It’s the small things that count

Antonia Dixon

With an office based in the heart of Soho, it’s hard not to notice the continual development taking place around us. Occasionally we joke that we’ll soon be the last original building left standing! As London’s development continues to flourish, I find myself asking, what will be the ‘historic’ architecture for our next generation?

Big buildings have been showcased around the world as a symbol of power and wealth and it would be wrong of me to say that ‘supertall’ structures don’t exude a sense of empowerment and captivation. A clear memory of mine at 9 years old and 4ft tall, is standing at the base of a glass and concrete expanse attempting to comprehend its enormity as it soared skyward, further than I could see. Looking across at its twin, I was awed by the significance of their size in comparison to my own. The Manhattan Twin Towers, like many others, were iconic influences on global architecture, although none so tragic.

Despite their visual magnificence and their contribution to the development of architecture, it is a worry of many of my fellow Millennials that supertall skyscrapers and growing mass development has already begun to drown out the beauty of historic city architecture. Landmarks that were designed with exquisite detail, vibrant colour and took decades to complete, are no longer constructed in the same way.

Below are 3 international city landmarks with the qualities that I believe are less of a priority in contemporary development:

1) Duomo di Milano, Milan – Bishop Antonio da Saluzzo began the construction of the cathedral in 1386. I find it fascinating that over 78 architects worked on the project which took over 6 centuries to complete. A high quality Condoglian marble was used to intricately carve 3,400 statues, 135 gargoyles and 700 figures into the cathedral.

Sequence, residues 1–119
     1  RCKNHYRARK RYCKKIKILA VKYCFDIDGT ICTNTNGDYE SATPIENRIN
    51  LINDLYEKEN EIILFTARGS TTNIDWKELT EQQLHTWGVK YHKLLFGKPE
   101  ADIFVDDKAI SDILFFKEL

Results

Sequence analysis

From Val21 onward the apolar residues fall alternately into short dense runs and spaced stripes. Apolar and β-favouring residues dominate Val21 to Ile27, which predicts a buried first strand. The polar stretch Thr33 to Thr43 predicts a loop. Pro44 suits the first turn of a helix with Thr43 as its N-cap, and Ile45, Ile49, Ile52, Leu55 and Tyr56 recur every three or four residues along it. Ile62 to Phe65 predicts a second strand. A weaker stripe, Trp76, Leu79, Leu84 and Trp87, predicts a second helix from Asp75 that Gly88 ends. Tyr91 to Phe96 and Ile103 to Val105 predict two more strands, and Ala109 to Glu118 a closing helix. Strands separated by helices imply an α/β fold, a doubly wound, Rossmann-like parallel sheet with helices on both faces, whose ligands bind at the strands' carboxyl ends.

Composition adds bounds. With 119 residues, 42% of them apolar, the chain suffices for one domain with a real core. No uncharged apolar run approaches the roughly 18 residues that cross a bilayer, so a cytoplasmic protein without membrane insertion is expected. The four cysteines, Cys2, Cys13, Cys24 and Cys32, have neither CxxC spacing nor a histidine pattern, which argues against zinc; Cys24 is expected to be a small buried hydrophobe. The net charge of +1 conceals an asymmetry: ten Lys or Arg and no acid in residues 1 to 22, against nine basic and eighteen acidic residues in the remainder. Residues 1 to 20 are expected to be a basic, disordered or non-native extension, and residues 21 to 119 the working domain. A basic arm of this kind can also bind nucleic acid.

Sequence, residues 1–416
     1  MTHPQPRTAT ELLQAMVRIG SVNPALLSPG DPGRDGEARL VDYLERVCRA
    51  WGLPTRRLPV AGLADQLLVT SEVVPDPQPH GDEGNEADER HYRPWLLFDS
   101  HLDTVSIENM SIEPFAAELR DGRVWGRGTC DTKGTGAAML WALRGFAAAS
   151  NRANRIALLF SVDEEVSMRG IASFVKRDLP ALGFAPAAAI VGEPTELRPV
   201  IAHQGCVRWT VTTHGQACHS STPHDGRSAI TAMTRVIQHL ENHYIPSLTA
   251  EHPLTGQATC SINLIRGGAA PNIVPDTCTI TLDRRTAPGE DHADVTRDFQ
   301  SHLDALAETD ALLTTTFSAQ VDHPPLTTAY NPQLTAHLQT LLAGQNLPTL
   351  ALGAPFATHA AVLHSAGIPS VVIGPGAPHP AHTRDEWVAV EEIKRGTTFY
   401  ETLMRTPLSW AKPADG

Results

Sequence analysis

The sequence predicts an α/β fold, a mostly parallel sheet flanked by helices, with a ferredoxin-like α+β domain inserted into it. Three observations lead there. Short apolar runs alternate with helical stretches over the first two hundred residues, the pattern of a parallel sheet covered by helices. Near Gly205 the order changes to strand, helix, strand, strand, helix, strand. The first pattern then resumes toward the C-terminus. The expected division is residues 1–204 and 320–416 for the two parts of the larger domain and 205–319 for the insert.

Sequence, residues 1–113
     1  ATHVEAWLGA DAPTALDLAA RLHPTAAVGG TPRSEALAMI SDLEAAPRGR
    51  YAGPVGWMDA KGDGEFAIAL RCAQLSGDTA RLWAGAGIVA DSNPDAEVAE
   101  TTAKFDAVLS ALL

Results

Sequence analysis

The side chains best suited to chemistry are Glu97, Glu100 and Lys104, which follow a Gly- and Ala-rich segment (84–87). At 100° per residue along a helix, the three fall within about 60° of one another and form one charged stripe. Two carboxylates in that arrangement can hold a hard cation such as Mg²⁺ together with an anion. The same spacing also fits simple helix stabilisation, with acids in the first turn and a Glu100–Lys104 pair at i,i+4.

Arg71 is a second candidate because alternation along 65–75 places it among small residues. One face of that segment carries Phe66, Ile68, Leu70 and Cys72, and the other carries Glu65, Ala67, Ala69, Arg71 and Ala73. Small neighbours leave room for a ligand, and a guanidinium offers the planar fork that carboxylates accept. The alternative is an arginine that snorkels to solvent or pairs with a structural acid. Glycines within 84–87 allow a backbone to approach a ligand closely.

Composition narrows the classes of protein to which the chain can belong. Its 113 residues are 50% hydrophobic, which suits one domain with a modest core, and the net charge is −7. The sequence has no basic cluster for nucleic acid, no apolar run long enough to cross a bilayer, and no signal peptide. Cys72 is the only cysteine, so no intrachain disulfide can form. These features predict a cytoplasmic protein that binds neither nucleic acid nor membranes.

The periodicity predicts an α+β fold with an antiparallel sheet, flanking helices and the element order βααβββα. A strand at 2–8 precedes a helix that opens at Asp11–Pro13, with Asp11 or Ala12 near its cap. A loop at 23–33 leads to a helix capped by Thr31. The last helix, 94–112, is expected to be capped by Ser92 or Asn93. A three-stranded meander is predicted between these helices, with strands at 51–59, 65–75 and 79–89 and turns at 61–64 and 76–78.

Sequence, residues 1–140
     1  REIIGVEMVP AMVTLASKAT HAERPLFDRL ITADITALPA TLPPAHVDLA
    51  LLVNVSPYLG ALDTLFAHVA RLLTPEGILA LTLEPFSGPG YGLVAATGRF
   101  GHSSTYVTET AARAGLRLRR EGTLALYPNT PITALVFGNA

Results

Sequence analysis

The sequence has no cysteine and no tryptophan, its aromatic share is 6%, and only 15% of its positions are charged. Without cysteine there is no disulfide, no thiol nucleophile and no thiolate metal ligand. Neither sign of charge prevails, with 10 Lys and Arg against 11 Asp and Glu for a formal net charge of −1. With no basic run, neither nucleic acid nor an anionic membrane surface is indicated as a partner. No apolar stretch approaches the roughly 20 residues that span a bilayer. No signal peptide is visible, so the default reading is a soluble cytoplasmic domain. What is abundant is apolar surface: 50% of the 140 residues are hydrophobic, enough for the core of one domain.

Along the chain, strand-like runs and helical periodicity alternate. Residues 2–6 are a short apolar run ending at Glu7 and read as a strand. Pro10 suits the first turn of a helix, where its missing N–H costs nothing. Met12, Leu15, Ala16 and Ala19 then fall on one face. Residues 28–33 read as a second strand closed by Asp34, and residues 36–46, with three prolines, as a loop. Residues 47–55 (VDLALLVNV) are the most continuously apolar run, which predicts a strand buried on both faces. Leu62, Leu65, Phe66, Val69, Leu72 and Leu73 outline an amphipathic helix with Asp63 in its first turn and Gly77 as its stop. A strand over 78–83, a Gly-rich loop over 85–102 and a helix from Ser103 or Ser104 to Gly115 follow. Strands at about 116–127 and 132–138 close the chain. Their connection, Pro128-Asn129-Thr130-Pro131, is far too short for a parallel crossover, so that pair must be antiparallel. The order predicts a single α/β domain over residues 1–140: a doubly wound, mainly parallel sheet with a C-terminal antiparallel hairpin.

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Image courtesy of: Jiuguang Wang

2) St Basil’s, Moscow – Built between 1555 and 1561 under the instruction of Ivan the Terrible, the building is an appealing and dynamic piece of architecture due to its vibrant use of bold colours. It has become increasingly apparent that bright tones are not used in today’s construction. Instead, minimalist colour palettes and set materials are used for most contemporary developments.

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Image courtesy of verygreen

3) Old Bailey, London – This landmark is further proof that spectacular developments are not purely dictated by ‘how tall’. The Old Bailey, at just 67ft, was re-built a number of times between 1674 and 1913 and its final design was by E.W. Mountford. In contrast to today’s formulaic construction, I see value in the detailed carvings that are tailored to its unique identity. For instance, the bronze statue standing on the top of the dome signifies ‘Lady Justice’ which demonstrates blind justice, alluding to the Old Bailey’s role as a court room.

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Image courtesy of Amanda Slater

So from now on, as skyscrapers continue to etch that little bit closer to the edge of the earth’s atmosphere, the hope remains that our historic landmarks do not fade into the background as we move into a new generation…